But it's in the multi-player that Destiny starts to come alive in a real social sense.

As well as public events which crop up in the middle of the game and give you a chance to compete for XP or weaponry, there's the destination of the Crucible which is where your opportunity to flex your muscles against others becomes reality.

It's here that the game gives you a degree of fun and frustration - 3 on 3 events, 6 on 6 events see you pitted against others; usually, they have a higher rating than you which makes it occasionally difficult when you're shot to pieces before you've even started, but it's in the team element that Destiny starts to rise above its frustrations as working together to steal a flag or simply shoot each other proves utterly addictive.

With other challenges opening up after you hit a certain level and with Bungie creating new missions to those who rise to the challenge (a new batch of hostiles has just dropped this week), it's clear that Destiny is set to continue growing and will prove to be an enduring title. Having already scooped a half-billion worldwide in sales, there's no denying its power. And while parts of the game feel familiar, the accessibility of this FPS title and the rewards it offers now and in the future go a long way to making this Destiny feel inevitable.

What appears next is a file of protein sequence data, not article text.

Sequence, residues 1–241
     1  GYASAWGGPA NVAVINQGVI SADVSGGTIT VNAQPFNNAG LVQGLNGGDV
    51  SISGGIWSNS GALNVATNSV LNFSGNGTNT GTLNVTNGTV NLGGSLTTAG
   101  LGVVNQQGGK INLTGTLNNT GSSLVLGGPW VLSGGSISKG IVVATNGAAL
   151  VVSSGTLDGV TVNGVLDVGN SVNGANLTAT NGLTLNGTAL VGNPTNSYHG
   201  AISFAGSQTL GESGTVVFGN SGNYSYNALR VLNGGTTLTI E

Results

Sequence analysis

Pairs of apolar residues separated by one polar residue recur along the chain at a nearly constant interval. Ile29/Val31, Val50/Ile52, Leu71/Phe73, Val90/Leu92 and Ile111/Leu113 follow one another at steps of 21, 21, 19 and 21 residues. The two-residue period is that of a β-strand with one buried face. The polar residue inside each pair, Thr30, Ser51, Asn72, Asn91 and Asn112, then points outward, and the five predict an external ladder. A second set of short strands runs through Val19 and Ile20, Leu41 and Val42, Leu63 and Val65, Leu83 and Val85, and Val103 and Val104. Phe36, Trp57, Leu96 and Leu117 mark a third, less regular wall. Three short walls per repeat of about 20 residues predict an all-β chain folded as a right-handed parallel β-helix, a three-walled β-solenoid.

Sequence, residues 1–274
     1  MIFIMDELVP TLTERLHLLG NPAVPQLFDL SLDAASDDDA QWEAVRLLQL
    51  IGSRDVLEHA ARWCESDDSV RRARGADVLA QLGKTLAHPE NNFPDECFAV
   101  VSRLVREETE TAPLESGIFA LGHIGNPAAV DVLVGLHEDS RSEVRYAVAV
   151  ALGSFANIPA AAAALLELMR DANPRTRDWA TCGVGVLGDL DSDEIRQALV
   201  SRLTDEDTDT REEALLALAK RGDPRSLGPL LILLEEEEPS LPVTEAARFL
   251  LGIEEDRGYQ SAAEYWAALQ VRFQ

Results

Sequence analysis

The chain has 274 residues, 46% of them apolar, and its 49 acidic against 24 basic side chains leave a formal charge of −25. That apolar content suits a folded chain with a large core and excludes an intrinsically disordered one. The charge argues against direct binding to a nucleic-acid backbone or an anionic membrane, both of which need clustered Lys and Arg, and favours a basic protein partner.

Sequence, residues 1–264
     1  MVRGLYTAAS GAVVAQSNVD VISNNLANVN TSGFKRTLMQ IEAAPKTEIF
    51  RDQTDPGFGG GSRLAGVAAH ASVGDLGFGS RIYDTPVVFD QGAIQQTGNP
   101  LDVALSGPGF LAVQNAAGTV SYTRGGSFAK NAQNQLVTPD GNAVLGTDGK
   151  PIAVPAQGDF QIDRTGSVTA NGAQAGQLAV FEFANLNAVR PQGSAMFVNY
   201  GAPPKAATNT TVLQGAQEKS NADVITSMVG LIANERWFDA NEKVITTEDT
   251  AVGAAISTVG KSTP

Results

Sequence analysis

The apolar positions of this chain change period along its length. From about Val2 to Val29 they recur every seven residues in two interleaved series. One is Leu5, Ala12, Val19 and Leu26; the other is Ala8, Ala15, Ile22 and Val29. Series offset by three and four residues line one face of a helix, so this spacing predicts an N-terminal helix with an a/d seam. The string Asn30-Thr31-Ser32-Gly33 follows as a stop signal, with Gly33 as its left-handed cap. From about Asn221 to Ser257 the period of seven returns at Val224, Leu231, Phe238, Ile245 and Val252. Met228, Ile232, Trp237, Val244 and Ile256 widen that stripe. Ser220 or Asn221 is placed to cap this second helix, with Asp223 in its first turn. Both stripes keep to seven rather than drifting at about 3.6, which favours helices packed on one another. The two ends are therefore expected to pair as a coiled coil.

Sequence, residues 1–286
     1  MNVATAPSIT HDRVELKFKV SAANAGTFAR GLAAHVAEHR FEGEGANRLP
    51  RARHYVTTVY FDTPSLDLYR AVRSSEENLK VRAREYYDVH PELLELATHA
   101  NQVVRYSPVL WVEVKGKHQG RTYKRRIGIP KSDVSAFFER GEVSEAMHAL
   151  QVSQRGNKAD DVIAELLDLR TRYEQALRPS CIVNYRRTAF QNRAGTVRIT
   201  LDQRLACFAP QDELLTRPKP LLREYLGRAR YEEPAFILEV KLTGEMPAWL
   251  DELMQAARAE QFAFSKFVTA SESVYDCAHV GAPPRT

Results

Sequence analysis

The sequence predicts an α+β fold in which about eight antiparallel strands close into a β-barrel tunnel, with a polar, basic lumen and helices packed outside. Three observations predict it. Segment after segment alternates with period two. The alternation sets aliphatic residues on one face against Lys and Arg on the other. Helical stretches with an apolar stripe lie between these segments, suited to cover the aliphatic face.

Rating:


Minecraft: XBox One Review

Minecraft: XBox One Review


Platform: XBox One

Minecraft is phenomenally popular and its arrival on the next gen on XBox One should come as no surprise to anyone.

It's the formula you're used to as world building, exploration and blocky graphics all come to the fore. But it's all about your imagination and your desire to explore and wile away the hours that will prove your major interest in the game. Random worlds present all manner of tasks and trials - from creatures wanting to get you during the night time after the sun's gone down on all you've created, to crafting tools, homes and watching over animals, every opportunity is here for you to explore.

Factoring in split screening for others to join the creativity gives it all a boost that it socially needs and given that the Minecraft world is a fun one to share, it's a logical assumption to improve that side of it all.

Crafting, creating, burrowing and building all have their fun sides, and if you've played this before, you won't find yourself too troubled by it. The blockiness looks impressive on the XBox One (if that's not a misnomer) but it's the fact they are next gen machines which allows them to live on larger environments that will be the pull for so many fans of the game.

Deeply immersive and thoroughly enjoyable, Minecraft is a boon for so many. Dive in now and enjoy it at its highest quality.

Rating: